The Antagonist, Shakespeare

1405 Words Jul 7th, 2018 6 Pages
Tales and stories have been told since the beginning of time, handed down from each generation to the next, and each story has left its mark on the listener even if it is not apparent. Parts of the story are remembered and it is the goal of an author or storyteller to leave an impact of each who hears their tale. The idea is to have a plot interesting enough to hold the attention and then to develop conflict those experiencing will remember. Part of the way this is accomplished is through the characters, not always the protagonist, but the antagonist as well. The villain of the story is an individual the audience will pay close attention to and attempt to understand as the storyline unfolds. “There’s something about antagonists that, I …show more content…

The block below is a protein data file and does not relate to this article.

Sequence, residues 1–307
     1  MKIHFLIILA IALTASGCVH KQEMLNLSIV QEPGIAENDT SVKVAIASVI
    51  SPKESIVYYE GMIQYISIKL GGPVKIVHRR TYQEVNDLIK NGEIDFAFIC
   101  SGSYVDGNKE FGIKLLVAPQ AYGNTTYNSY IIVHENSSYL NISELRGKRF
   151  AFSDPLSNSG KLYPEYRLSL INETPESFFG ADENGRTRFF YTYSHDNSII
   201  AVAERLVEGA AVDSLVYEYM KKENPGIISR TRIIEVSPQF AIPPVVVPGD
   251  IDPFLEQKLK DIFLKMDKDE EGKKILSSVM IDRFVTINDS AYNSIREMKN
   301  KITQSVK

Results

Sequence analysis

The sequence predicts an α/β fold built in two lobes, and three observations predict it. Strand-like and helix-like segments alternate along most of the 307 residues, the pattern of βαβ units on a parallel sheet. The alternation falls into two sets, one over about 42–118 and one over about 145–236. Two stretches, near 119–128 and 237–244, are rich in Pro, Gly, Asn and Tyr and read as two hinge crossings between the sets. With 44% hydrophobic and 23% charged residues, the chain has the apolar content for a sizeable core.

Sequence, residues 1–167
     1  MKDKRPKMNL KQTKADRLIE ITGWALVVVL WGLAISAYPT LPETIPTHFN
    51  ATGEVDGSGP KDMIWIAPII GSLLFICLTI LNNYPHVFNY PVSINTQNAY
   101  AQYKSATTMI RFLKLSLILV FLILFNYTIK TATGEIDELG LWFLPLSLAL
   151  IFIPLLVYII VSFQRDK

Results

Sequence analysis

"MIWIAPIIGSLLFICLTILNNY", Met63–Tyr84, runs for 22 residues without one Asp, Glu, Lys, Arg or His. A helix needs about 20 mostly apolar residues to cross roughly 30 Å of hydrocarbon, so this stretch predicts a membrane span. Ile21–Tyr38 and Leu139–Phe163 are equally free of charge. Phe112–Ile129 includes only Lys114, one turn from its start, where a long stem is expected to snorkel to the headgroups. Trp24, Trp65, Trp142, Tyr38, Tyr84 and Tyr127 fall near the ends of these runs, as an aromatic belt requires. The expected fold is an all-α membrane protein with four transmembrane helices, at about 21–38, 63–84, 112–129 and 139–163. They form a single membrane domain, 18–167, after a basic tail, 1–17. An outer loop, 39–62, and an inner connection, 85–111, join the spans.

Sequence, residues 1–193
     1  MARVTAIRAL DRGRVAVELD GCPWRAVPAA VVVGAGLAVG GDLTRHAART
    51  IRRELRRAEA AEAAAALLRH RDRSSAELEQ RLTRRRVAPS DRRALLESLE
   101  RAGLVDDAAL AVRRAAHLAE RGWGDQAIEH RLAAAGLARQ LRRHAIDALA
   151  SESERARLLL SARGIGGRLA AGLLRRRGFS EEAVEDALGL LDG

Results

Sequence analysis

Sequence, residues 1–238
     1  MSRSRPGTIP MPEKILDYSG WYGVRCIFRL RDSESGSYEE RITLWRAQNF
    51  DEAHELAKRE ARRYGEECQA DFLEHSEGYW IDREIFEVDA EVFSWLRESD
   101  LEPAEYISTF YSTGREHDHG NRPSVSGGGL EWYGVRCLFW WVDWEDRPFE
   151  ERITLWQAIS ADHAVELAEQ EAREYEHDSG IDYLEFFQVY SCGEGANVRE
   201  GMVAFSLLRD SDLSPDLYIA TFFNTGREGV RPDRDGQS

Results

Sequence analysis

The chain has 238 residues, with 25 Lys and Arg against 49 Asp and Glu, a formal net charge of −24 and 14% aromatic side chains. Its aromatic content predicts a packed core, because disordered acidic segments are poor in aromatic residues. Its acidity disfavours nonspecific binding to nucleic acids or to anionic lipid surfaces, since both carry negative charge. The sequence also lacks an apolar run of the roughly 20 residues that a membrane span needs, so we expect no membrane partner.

Oberon will order Puck to place the juice of a certain flower of the eyes of an Athenian man. Puck will place the potion on the wrong mans eyes and all manner of chaos will ensue. “On the ground sleep sound; I’ll apply to your eye gentle lover, remedy. When thou wak’st, Thou tak’st true delight in the sight of they former lady’s eye; and the country proverb known, that every man should take his own, in your waking shall be shown: Jack shall have Jill, Nought shall go ill; The man shall have his mare again, and all shall be well.”(Midsummer Night’s Dream Act III, Scene II, Lines 462-477) At this moment in the tale Puck is mixing some of the havoc he caused by placing the juice on Lysander’s eyes so he was again will love Hermia. When finally the right man is in love with the right woman the play will be allowed to move towards its conclusion. Unlike the tale of Othello, A Midsummer Night’s Dream, ends with joyfulness and wedding nuptials. Puck does show some remorse for the mistakes he made and the pranks he played, as Patricia Vineski puts it, “He then asks the audience for forgiveness, which suggests that he is aware of what he has done, and feels some remorse. However, even as he asks for forgiveness, he reminds the audience of the dangers of the night, of 'graves gaping open and wolves howling at the moon.' He never asks for forgiveness from the
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